My apologies for the length of this. I have not written a race report in quite a while and this one felt good, so I decided to write something about it.
My brother, Jon, is stationed in San Diego and we wanted to do a race together. Last summer, we were looking at several races on the west coast and decided upon Ironman 70.3 California in Oceanside. Oceanside had several advantages - it was only about 30-40 minutes from where he lives; it was a half, which if I was going to come all the way out here, anything less would kind of be a waste; and it was during spring break, so I could bring the entire family and enjoy San Diego before and after race day. I had done Eagleman twice so I had at least completed a couple half-distance races.
On Thanksgiving, I began a running streak and kept it up through the winter months (all outdoors), and thought about dropping it before the race, but I am WAY too OCD to stop for such a minor issue as 70.3 miles. In each of my two earlier 70.3s, I died on the run. There were a number of reasons for this (not paying enough attention to running while training, not properly hydrating or eating while on the bike, and oh yeah – it is kind of hot there). The running streak has been fun and been something to keep me working out everyday, even when I did not want it. I think an unintended consequence of the streak is that I did not do enough prep on the bike, so I had not great expectations of the race due to that.
I had read a coach’s race strategy for Oceanside online and thought it made sense, so my plan was to try to follow it. The first half of the bike is pretty flat, but the second half has 3 relatively difficult climbs, so the plan was to hold back in the first half and conserve energy for the second half. The other difficulty with the second half was the wind can be a bear, so again, conserving energy would be important. My run strategy was to stay around 10:00-10:30 for the first few miles and then have more energy for the second half. I was not worried about time, just being steady and finishing strong.
I flew out to California on Wednesday afternoon went to dinner with my brother. Had an easy 5-mile run and walked around Corondao on Thursday before putting my bike back together. My wife, Hope, and two daughters flew in on Thursday evening and we settled in nicely. Easy 3-mile run Friday morning and test ride on the bike to make sure it felt right. I had inadvertently loosened the handlebars, so I had to make sure the angle was right before going 56 miles on it. Got it to where it felt comfortable, then tightened them (or so I thought…)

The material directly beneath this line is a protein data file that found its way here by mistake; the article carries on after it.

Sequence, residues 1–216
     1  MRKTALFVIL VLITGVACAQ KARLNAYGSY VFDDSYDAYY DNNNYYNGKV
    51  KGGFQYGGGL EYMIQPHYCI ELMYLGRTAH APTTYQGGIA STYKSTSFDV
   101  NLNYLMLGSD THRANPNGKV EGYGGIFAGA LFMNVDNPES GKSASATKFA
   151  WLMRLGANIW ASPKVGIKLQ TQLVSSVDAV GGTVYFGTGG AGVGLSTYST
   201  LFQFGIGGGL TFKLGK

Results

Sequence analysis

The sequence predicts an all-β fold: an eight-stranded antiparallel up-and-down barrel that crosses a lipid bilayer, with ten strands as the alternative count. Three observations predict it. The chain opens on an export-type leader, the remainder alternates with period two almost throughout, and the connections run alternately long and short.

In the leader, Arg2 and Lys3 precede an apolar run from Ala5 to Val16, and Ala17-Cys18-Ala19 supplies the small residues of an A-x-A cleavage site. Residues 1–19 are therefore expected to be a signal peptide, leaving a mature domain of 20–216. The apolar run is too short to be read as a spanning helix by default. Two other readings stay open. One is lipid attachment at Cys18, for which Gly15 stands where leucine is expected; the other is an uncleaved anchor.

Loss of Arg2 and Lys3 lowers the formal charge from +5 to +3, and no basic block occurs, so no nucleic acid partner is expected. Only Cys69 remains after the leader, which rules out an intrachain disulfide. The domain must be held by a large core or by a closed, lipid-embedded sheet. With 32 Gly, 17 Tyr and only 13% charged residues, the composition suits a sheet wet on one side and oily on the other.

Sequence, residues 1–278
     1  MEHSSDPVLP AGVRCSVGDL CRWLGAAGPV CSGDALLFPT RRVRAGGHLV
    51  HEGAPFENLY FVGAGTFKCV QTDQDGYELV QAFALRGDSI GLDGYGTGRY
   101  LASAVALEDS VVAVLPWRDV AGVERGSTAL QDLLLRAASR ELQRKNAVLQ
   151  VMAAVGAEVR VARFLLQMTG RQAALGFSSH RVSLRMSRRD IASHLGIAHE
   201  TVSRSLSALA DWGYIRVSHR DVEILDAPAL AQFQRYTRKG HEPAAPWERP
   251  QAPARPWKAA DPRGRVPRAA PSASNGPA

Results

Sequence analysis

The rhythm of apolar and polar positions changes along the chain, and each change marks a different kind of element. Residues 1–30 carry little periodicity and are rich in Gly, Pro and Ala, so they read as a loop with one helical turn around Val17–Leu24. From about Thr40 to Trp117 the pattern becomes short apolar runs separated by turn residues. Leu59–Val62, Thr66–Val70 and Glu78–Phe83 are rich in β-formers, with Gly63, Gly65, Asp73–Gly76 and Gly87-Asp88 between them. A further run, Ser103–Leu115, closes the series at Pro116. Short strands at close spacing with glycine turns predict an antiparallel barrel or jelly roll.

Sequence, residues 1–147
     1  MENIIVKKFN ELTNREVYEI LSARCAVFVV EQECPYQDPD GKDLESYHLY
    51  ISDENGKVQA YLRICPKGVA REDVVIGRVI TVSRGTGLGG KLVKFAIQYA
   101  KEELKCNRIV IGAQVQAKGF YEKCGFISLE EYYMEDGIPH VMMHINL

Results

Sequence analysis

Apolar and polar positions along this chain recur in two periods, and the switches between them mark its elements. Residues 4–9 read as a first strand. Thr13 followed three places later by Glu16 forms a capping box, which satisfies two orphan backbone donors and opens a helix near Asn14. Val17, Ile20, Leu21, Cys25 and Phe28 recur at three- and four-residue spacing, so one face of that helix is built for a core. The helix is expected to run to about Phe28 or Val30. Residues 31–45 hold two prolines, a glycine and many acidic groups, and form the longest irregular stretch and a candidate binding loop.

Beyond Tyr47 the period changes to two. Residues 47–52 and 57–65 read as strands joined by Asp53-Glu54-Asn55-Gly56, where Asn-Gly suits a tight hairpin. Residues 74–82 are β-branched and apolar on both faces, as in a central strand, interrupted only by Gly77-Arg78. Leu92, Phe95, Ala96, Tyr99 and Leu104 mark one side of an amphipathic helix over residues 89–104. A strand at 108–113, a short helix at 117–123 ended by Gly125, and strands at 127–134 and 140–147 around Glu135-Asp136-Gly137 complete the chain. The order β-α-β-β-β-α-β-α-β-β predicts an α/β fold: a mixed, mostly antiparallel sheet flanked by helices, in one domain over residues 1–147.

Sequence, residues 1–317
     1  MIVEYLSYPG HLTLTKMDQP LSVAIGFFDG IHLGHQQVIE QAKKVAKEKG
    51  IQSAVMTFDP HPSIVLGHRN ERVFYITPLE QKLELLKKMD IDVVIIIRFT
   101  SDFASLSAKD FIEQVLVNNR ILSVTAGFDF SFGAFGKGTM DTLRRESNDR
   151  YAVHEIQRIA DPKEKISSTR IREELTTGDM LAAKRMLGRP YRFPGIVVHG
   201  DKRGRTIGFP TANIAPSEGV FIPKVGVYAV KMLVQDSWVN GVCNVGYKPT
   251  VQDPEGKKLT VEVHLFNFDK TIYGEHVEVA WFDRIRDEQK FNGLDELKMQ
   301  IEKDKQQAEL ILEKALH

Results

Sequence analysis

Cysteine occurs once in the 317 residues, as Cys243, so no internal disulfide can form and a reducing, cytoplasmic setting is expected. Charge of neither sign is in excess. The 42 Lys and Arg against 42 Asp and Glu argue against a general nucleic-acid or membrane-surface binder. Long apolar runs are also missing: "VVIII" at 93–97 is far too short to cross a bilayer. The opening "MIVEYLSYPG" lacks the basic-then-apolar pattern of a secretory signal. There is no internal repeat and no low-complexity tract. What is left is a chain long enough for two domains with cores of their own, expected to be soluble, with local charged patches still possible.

The other change I planned to make was with regard to nutrition. I have had cotton mouth issues, which had my mouth getting excessively dry when exercising. To combat this, I always chewed gum when running or cycling, and I think that made me not drink enough because I did not realize I was dehydrated. So my plan was to race without so that I would constantly be drinking. I also planned to have a GU every 7-8 miles. Seemed like a lot, but I was very worried, after not spending enough time preparing for the bike, that I would hit a wall without enough nutrition.
Friday afternoon, Jon and I drove up to Oceanside to pick up our race packets and get a quick lay of the land before Saturday’s race. Packet pick up was more complicated than it needed to be. Go to this table. Sign this form and take it to that table. Then go to this table for another form, which then gets taken to yet another table…ad nauseum. It could have been so much easier by reducing the steps, but it is not my race.
We went home, got our bikes and gear ready. Ordered sushi for dinner (new pre-race meal for me, but he swears by it, so I figured why not? Did not come back and haunt me). We went to bed early and were going to leave the house around 4:30 so that we could be in transition by 5:30 (even though our wave did not hit the water until 7:42 – we were wave 21 of 23).
Got up before my alarm at about 4:00. Felt good, a little nervous, but ready to go. We left the house and about halfway there realized we had forgotten to grab food for breakfast. We wound up splitting a Stinger Waffle and we each had Gatorade. Turned out ok. Oceanside has two separate transition areas, which I had never experienced before. It made pre-planning essential, since I had to make sure I did not have something in the wrong area. We set up our run bags in T2 and walked our bikes over to T1 and got a view of the swim course.
A few more trips to the bathroom, body marking, then to the medical tent, because our only sunscreen was in T2. I cannot say enough about how awesome all of the volunteers at this race were. There were so many and they were helpful and cheery the entire time. We watched the pros go off and the coolest thing was watching a seal swimming alongside them for a little bit of the time. We had a little more standing around (45 minutes), and decided to put our wetsuits all the way on to stay warm. We watched the pros come out of the water and some of the challenged athletes come out as well (very humbling and inspiring). Then we walked over toward the water and got ready to race.
SWIM – 32:43